previous unit, we studied a number of problems which are not solvable by
computational means. We can go still further and categorize the problems, which
we encounter or may encounter, into the following broad classes:

(I)     Problems which can not even be defined formally.

By a formal definition of a problem, we mean expressing in terms of mathematical
entities like sets, relations and functions etc., the information concerning the problem,
in respect of at least

        a)      Possible inputs
        b)      Possible outcomes
        c)      Entitles occurring and operations on these entities in the (dynamic)
                problem domains.

In this sense of definition of a problem, what to talk of solving, most of the problems
can not even be defined. Think of the following problems.

        a)      Why the economy is not doing well?
        b)      Why there is hunger, illiteracy and suffering despite international efforts
                to eradicate these?
        c)      Why some people indulge in corrupt practices despite being economically
                well?

These are some of problems, the definition of each of which require enumeration of
potentially infinite parameters, and hence are almost impossible to define.

(II)         Problems which can be formally defined but can not be solved by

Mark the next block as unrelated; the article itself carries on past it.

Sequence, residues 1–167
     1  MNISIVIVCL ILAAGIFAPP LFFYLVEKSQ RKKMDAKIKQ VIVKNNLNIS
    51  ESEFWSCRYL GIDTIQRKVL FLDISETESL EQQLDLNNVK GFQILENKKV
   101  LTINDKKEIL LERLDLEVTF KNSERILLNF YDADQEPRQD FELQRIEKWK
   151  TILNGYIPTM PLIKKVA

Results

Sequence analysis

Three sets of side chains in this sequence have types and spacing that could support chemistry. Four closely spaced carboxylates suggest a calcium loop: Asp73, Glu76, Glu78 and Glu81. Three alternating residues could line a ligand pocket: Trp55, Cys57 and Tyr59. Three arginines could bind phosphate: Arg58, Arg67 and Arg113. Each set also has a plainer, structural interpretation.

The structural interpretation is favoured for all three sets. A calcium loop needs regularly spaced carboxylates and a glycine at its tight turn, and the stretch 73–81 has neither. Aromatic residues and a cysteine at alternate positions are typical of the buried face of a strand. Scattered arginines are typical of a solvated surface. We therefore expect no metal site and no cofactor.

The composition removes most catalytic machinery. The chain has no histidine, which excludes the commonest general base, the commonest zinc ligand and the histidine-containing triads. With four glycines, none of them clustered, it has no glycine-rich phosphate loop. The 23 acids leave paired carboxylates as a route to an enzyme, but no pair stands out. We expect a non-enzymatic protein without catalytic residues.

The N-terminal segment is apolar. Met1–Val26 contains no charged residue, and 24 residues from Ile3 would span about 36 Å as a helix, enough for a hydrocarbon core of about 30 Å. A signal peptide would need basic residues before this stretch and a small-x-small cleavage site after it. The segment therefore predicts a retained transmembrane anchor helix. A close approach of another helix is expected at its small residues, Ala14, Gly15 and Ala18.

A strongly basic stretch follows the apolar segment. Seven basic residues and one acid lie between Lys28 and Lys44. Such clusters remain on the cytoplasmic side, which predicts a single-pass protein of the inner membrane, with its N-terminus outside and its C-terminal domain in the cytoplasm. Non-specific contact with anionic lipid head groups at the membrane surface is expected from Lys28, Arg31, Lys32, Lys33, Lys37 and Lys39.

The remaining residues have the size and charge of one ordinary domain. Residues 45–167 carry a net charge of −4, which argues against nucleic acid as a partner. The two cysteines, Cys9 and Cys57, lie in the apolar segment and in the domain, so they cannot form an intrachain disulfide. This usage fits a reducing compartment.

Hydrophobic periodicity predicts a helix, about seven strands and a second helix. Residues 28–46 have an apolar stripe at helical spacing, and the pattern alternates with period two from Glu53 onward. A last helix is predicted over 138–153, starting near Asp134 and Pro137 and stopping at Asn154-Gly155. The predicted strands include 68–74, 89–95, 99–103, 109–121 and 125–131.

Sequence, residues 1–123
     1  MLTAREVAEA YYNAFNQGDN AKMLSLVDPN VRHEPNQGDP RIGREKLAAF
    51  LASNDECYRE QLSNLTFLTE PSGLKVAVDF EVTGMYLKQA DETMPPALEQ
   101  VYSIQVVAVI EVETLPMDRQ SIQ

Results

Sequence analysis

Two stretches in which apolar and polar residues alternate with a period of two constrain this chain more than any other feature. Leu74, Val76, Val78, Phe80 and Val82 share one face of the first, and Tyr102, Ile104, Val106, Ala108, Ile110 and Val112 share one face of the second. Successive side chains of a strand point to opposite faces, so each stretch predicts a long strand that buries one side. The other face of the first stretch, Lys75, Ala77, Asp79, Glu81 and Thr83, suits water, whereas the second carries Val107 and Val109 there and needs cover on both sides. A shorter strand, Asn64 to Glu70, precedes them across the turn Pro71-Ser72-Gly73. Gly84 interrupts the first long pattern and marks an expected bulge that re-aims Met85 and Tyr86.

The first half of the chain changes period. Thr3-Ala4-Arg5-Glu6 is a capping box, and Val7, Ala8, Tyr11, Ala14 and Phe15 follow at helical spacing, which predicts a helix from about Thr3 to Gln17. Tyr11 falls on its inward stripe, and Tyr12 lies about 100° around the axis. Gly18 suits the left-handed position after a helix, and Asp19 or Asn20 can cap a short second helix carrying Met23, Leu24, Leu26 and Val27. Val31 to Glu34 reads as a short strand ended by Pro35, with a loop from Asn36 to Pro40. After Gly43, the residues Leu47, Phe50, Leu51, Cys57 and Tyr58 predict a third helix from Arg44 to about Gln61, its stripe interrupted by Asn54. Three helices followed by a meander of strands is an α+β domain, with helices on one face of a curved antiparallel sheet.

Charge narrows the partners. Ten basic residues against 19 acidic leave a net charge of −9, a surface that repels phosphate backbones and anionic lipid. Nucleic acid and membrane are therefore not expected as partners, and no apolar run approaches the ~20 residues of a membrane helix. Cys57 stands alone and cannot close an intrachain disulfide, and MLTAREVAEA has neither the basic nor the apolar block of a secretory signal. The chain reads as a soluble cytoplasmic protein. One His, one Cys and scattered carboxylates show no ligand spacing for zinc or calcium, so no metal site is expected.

computational means. We discussed some of these problems in the previous
             unit.
(III)        Problems which, though theoretically can be solved by computational means,
             yet are infeasible, i.e., these problems require so large amount of
             computational resources that practically is not feasible to solve these
             problems by computational means. These problems are called intractable or
             infeasible problems. The distinguishing feature of the problems is that for
             each of these problems any solution has time complexity which is
             exponential, or at least non-polynomial, function of the problem size.
                                                                                                              65
Complexity &   (IV)     Problems that are called feasible or theoretically not difficult to solve by
Completeness            computational means. The distinguishing feature of the problems is that for
                        each instance of any of these problems, there exists a Deterministic Turing
                        Machine that solves the problem having time-complexity as a polynomial
                        function of the size of the problem. The class of problem is denoted by P.
               (V)      Last, but probably most interesting class include large number of problems,
                        for each of which, it is not known whether it is in P or not in P.
                        These problems fall somewhere between class III and class IV given above
                        However, for each of the problems in the class, it is known that it is in NP,
                        i.e., each can be solved by at least one Non-Deterministic Turing Machine,